Will doctors and patients ever trust each other?

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One of the common comments made by doctors is that when patients tell you a number for alcohol or drugs for example, double it. So few patients are thought to be honest with their doctor’s that this is the safest way to get an estimate of this information. I have seen more and more articles recently on the frustrations of doctors about the fact that patients seem to always lie: “yes, I work out every day,” “no, I never smoke,” “of course I don’t have more than 2 drinks a night!” These lies are not only dangerous for the patient’s health, but they damage the doctor-patient relationship.

As someone who is honest with her doctor I am especially frustrated by this because it also impacts me negatively. When I tell my doctor that I don’t drink I know that she doesn’t believe me. When I tell my doctor how often (or little!) I work out I know she’s probably halving that number and wondering what else I’m lying about. This is just as dangerous as lying about my health. In this situation I tell the truth but the doctor is still altering the numbers in her head because she assumes I’m lying. This can often lead to worse situations that occur because the doctor assumes your symptoms are alcohol or drug related. In her book Brain on Fire Susannah Cahalan talks about how her life-threatening symptoms were first attributed to alcohol withdrawal, which is not at all a unique situation. There are countless stories of people seeking help for medical problems and being told that it is drug-, alcohol-, or diet-related based on numbers that the doctor has altered in her own head. This is especially true of the less well-known and chronic diseases that have a wider range of symptoms.

Ironically, one of the other key reasons that people are not honest with their doctors is due to a fear of having their symptoms labeled as being as a result of whatever the “bad” behavior is. What is unfortunate is that this fear is warranted. If someone is honest about drug use or eating “badly,” then the doctor is more likely to attribute the symptoms.

Please don’t get me wrong here; I am not blaming the doctors. They are doing what they have been taught to do and what, sadly, is correct in the majority of situations. Have you always been honest with your doctor about “unhealthy” habits?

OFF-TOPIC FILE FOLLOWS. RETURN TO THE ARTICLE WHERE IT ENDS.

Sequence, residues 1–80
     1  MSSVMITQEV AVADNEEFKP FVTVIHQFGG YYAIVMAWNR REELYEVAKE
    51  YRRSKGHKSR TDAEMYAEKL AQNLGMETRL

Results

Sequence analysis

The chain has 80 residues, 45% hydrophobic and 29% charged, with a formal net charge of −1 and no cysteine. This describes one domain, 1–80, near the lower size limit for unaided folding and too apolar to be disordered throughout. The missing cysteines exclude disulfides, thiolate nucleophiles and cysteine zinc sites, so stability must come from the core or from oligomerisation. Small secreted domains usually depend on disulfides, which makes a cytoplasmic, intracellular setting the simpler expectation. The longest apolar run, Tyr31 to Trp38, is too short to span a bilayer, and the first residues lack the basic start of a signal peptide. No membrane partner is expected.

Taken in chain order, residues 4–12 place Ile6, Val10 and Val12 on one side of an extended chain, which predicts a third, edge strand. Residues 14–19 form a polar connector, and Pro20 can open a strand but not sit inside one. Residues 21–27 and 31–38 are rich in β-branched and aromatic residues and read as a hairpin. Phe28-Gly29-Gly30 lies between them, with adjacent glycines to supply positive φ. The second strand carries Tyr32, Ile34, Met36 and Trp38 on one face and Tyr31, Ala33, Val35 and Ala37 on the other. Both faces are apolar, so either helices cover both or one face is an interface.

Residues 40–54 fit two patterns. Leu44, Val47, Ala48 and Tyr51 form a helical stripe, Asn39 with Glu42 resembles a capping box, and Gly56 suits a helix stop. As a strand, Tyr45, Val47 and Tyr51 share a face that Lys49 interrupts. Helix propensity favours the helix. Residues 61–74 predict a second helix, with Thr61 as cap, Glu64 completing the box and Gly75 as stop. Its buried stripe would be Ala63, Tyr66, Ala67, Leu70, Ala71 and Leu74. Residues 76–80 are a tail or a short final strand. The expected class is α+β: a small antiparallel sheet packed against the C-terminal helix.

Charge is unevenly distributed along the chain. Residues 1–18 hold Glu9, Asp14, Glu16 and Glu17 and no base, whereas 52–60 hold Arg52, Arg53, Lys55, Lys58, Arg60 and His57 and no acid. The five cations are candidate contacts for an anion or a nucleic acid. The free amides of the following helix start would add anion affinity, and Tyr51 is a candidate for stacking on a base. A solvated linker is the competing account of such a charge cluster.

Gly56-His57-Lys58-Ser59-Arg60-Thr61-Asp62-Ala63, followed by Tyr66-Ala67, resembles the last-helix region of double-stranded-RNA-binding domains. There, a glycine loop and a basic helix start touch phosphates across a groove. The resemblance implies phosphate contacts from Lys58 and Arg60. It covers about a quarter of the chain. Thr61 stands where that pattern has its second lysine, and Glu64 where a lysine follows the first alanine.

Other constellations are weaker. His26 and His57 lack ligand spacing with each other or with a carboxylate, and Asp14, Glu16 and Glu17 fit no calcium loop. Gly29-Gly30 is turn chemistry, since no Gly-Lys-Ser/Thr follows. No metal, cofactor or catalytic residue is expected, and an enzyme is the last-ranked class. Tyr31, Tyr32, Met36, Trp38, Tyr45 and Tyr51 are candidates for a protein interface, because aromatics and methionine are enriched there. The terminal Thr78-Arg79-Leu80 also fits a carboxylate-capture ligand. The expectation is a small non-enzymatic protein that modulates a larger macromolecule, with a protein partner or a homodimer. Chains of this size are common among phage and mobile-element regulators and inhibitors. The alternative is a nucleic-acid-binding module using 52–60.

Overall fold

People lie to their doctors all the time and it’s creating a doctor-patient relationship filled with mistrust and apprehension.

I think one of the key reasons for patients’ lying has to do with public health policies and interventions. As public health professionals have had a larger say in policies and medicine we have begun to see far more chastisement and shaming around “bad” behaviors. Doctors are now supposed to talk to patients about these things and tell them “smoking’s bad”, “don’t binge drink”, “exercise regularly”. The problem is that we know this by now and that is why most of us are lying.
Of course I know that sitting in front of my tv all evening, eating junk food, and not working out is not exactly good for me, but I’m not visiting my doctor for a lecture. The same is true for most other “unhealthy” behaviors. Do you know any smokers who don’t know by now that smoking is dangerous? Of course they know, and many may lie to their doctor about smoking because they don’t want another lecture.

How many overweight individuals have not been body shamed at some point in their lives? If an overweight individual visits the doctor and she asks about their diet they are not going to want to receive yet another lecture and shaming. While in most cases the information provided by doctors is not intended to be preachy and shaming it often comes across as such, and this can be just as dangerous to the relationship as it will severely inhibit, or even shut down, communication.

There needs to be a more open middle ground, where doctors are less judgmental and are open to providing guidance and advice if desired but not if the patient does not want that information. Patients need to be more open to doctors and doctors need to be able to take the time to talk with patients to get a greater understanding of the problem. If a person comes in with multiple, vague complaints and then says they drink heavily it is far easier and faster to assume withdrawal of some sort than to conduct a more thorough analysis. If the doctor weren’t so pressed for time she might be more able to consider other alternatives.

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